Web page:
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The Metropolitan Water District of Southern California

Quality & Treatment

Water Quality​

For more than 80 years, Metropolitan has been Southern California's provider of high quality, reliable drinking water that meets or exceeds all federal and state drinking water regulations. Using advanced treatment technologies increased monitoring and adhering to stringent laws and guidelines, Metropolitan works hard to protect the quality of water delivered to the consumer.

To ensure the delivery of a safe and reliable water supply, Metropolitan operates five water treatment plants. On an ongoing basis, Metropolitan tests its water for nearly 400 constituents and performs about 250,000 water quality tests per year on samples gathered from throughout its vast distribution system. Analysis of these samples is undertaken at Metropolitan's state-of-the art water quality laboratory.

Links:

   

Treatment Facilities

Metropolitan owns and operates five treatment plants that are located throughout Metropolitan's six-county service area and that treat water delivered from the State Water Project and the Colorado River. Four of these plants –F.E. Weymouth, Robert A. Skinner, Robert B. Diemer and Joseph Jensen – are among the 10 largest in the world.

PFAS (Per-and Polyflournalkyt Substances)     
With concern growing about the presence in some water supplies of a family of chemicals known as PFAS, the Metropolitan Water District of Southern California continues to ensure the region has a safe drinking water supply.

The two most common and regulated PFAS, perfluorooctanoic acid (PFOA) and perfluorooctane sulfonate (PFOS), have not been detected in Metropolitan's source or treated waters.

Metropolitan is supporting its member agencies as they assess whether PFOA and/or PFOS are present in their supplies and to what extent. Metropolitan stands prepared to handle any increased demands for its imported water that may result from the loss of any affected local supplies.

Below are two documents aimed at helping public understanding of PFAS: a list of frequently asked questions and answers and a fact sheet. 

 

Notice to Potentially Affected Public Agencies

Metropolitan's notification of treatments to control nuisance algae blooms may occur at the following water supply reservoirs: Lake Skinner, Lake Mathews, and Diamond Valley Lake.  Click here to read the notice.

 

Water Quality​

For more than 80 years, Metropolitan has been Southern California's provider of high quality, reliable drinking water that meets or exceeds all federal and state drinking water regulations. Using advanced treatment technologies increased monitoring and adhering to stringent laws and guidelines, Metropolitan works hard to protect the quality of water delivered to the consumer.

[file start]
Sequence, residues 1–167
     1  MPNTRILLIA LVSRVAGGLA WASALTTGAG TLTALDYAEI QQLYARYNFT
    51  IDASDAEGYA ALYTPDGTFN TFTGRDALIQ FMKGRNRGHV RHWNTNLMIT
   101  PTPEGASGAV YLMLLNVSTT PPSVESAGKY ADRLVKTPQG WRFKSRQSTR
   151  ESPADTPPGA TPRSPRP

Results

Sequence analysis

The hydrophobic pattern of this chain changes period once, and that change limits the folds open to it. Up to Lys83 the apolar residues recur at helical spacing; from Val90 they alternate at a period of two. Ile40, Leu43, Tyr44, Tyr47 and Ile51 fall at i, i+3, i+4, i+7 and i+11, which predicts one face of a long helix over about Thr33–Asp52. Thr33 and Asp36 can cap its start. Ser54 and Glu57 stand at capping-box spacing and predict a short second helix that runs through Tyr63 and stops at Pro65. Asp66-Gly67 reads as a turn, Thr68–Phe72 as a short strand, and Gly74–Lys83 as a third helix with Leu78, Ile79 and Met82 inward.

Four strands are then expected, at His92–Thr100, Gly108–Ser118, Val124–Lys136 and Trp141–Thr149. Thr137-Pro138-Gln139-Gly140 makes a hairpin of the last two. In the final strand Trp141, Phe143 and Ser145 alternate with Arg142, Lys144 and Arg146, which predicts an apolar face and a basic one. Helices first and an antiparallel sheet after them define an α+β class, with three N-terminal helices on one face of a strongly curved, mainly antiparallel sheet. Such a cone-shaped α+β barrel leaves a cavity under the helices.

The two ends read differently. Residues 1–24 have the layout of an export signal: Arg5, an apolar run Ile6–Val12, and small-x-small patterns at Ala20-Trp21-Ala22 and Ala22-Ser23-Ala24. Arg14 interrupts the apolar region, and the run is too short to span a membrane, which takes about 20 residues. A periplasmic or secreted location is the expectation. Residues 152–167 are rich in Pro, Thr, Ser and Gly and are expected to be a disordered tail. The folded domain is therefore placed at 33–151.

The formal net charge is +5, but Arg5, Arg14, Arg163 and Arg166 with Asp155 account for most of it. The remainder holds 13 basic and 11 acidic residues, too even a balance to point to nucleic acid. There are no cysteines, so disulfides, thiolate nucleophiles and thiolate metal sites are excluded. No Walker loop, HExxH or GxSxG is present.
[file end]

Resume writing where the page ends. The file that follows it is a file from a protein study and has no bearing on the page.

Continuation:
To ensure the delivery of a safe and reliable water supply, Metropolitan operates five water treatment plants. On an ongoing basis, Metropolitan tests its water for nearly 400 constituents and performs about 250,000 water quality tests per year on samples gathered from throughout its vast distribution system. Analysis of these samples is undertaken at Metropolitan's state-of-the art water quality laboratory.

Links:

   

Treatment Facilities

Metropolitan owns and operates five treatment plants that are located throughout Metropolitan's six-county service area and that treat water delivered from the State Water Project and the Colorado River. Four of these plants –F.E. Weymouth, Robert A. Skinner, Robert B. Diemer and Joseph Jensen – are among the 10 largest in the world.

PFAS (Per- and Polyfluoroalkyl Substances)  



With concern growing about the presence in some water supplies of a family of chemicals known as PFAS, the Metropolitan Water District of Southern California continues to ensure the region has a safe drinking water supply. 



The two most common and regulated PFAS, perfluorooctanoic acid (PFOA) and perfluorooctane sulfonate (PFOS), have not been detected in Metropolitan’s source or treated waters. 



Metropolitan is supporting its member agencies as they assess whether PFOA and/or PFOS are present in their supplies and to what extent. Metropolitan stands prepared to handle any increased demands for its imported water that may result from the loss of any affected local supplies.



Below are two documents aimed at helping public understanding of PFAS: a list of frequently asked questions and answers and a fact sheet. 


Links:

Notice to Potentially Affected Public Agencies

Metropolitan's notification of treatments to control nuisance algae blooms may occur at the following water supply reservoirs: Lake Skinner, Lake Mathews, and Diamond Valley Lake.  Click here to read the notice.










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